Column Selection Different researchers use different criterion to evaluate possible drug targets. In order to provide them with this flexibility, the first page of the tool allows the user to view all the different categories of information available regarding each of the targets. The user can then select the criterion that they want to explore further. If the user wishes to reselect criteria at any stage they can use the Reselect Columns button on the second page.

    Weights and Score Each of the selected criteria can be assigned a user defined weight. (Default weights based on the Hasan paper are shown and can be automatically chosen.) Users can use this feature to examine the effects of varying the influence of criteria over the target prioritization. Each target is assigned a final score which is computed as the weighted sum over all the selected criteria. The drug targets are sorted based on the score. (Targets with the highest score are at the top of the list.)

    Sorting As mentioned earlier, the targets are sorted in descending order based on the overall score. Additionally, it is possible to sort the targets based on any of the selection criteria either in ascending or descending order. The data can be sorted based on any one column at a time. In order to resort based on a selection either click on the Rescore button on the upper left hand corner of the page or click 'Enter' anywhere inside the table.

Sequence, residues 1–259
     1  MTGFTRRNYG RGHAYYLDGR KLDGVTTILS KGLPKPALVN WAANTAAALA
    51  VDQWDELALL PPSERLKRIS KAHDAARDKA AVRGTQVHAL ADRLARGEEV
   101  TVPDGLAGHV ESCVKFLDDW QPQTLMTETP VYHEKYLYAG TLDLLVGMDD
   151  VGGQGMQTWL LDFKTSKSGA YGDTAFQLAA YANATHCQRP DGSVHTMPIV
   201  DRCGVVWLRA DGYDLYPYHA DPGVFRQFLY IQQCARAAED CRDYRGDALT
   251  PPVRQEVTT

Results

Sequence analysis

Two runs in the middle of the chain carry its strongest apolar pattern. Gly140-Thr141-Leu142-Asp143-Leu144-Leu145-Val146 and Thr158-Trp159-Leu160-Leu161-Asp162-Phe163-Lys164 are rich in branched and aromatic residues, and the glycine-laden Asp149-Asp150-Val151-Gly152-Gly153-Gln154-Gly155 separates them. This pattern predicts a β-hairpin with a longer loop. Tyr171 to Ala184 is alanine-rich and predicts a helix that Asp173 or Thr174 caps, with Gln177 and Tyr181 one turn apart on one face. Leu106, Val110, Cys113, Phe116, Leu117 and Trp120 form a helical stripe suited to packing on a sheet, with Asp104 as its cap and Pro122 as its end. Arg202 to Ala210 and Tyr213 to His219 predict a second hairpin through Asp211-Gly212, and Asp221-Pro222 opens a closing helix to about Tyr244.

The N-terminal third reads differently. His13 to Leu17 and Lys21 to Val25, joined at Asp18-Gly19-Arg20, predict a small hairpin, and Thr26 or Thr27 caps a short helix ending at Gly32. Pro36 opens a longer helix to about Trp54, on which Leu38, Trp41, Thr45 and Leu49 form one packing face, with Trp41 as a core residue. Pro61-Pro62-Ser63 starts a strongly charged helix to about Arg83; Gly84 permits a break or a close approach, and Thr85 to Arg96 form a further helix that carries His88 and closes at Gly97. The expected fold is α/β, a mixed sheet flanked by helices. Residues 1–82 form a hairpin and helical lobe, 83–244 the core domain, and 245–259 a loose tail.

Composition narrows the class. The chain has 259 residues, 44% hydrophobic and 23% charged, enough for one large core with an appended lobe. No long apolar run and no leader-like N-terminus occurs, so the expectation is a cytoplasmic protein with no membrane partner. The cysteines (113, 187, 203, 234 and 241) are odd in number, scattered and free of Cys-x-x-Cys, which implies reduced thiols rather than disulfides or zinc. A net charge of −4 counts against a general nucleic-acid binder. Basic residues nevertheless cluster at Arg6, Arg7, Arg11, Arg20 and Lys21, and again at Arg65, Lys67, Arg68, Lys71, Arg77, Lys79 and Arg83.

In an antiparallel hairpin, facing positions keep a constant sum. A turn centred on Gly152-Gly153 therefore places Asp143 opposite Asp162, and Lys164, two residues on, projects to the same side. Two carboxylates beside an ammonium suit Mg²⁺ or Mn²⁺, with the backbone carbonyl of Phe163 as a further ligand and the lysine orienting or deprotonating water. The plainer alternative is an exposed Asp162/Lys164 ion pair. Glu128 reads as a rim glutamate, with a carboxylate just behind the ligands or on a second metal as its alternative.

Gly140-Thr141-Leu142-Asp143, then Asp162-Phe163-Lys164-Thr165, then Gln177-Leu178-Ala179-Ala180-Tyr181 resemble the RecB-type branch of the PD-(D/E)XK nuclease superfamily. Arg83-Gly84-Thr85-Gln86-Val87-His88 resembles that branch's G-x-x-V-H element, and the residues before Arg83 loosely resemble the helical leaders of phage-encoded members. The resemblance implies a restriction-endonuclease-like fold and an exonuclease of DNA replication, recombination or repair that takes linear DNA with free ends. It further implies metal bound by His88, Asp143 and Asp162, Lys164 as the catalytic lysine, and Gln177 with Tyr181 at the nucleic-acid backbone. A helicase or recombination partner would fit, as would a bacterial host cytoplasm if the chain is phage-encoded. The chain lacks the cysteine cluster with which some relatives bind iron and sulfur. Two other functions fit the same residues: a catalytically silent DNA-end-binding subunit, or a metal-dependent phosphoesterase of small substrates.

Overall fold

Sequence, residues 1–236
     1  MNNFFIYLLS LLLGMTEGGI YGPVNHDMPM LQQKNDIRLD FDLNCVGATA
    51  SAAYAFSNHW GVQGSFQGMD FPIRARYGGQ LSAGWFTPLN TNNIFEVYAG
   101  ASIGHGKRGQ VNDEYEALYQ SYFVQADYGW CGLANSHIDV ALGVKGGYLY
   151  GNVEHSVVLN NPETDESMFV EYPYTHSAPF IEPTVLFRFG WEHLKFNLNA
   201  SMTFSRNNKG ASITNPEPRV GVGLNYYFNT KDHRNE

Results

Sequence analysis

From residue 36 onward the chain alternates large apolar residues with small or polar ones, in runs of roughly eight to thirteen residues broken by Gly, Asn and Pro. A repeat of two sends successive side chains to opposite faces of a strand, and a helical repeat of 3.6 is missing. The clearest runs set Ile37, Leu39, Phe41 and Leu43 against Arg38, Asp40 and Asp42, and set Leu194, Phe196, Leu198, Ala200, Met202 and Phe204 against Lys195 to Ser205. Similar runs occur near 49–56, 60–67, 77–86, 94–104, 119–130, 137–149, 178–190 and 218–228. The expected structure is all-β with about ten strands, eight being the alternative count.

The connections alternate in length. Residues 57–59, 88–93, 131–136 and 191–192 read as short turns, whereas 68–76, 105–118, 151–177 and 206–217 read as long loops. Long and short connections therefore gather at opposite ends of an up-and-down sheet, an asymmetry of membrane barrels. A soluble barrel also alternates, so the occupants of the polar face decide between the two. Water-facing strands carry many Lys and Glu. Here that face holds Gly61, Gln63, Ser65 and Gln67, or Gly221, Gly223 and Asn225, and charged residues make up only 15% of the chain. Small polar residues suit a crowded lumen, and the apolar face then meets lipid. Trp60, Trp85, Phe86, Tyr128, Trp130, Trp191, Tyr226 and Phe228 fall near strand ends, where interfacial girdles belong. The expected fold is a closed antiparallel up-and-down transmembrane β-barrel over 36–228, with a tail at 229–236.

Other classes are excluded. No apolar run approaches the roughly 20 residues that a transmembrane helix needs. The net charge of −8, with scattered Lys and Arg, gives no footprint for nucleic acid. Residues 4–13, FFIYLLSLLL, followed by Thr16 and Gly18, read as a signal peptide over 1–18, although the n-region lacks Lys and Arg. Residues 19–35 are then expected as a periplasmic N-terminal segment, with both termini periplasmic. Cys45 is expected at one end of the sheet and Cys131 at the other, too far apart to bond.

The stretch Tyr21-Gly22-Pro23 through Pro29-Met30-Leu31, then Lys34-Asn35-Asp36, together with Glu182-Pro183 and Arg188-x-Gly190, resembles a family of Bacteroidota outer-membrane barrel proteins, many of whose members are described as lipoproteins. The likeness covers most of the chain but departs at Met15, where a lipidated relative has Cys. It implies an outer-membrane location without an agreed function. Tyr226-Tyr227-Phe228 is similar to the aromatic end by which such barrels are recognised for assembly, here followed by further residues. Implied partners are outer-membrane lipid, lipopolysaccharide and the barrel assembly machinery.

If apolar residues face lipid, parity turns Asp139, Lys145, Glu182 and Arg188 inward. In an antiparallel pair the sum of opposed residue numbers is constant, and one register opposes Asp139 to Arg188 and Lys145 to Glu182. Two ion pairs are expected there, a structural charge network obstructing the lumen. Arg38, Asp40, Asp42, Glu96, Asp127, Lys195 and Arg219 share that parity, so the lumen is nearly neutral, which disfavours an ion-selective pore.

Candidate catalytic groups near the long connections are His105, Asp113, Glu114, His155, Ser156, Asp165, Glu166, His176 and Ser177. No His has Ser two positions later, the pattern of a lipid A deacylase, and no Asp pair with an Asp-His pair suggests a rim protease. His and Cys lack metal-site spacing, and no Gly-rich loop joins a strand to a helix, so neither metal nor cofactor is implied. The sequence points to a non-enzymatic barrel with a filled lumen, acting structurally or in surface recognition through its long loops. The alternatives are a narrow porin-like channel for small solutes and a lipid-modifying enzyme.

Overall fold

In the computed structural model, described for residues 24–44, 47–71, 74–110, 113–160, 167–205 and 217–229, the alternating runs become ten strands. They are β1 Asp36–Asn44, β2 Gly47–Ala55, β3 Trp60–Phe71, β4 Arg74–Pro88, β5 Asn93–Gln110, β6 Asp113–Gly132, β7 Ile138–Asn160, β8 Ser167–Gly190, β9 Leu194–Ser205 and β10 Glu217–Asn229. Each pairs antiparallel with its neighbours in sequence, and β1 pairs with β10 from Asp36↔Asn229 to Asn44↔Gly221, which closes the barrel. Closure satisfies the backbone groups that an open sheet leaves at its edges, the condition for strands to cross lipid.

Normalization The user has two options to normalize the data in all the columns: unit normalize and standard normalization. Unit normalize option normalizes the data to the range [0, 1]. Standard normalize normalize option normalizes the data to a distribution with mean of 0 and variance of 1.

    Selection Criterion The user can choose to only view those targets that have values greater than a threshold. They can specify the selection criteria for each column (for eg.) as > 0 . This will result in a display of only those targets with a value greater than zero for that column.

    Correlate The user can examine the relationships between various criteria by calculating the correlation between these columns. At this point we cannot correlate discrete data with continuous data. If the two data columns being correlated contain discrete data, then a table containing the counts for each set fo discrete values is displayed. If the data columns contain continuous data then a graph showing the distribution is shown.

    Transform Threshold The user can set a threshold for the values in each column. If the data value in a column is greater than or equal to the threshold, a value of 1 is added to count, otherwise zero is added. A final count for each target is computed. The assumption here is that if a target resonds to a treatment, its level of expression is not as important as there being an expression. This count is also accompanied by a color coding (green if data ≥ threshold). This allows greater visualization of the results. Additionally, the targets are sorted based on the count. (The top 200 targets are shown.)

    Statistics For each column, the min and max values are computed. The mean, standard deviation and the range of data values are also computed.

    Implementors

    Target Explorer is implemented in the Sacchettini lab at Texas A&M University by Reetal Pai and Tom Ioerger. If you have any comments or suggestions regarding the data or implementation features please contact Reetal Pai at reetalp[at]cs[dot]tamu[dot]edu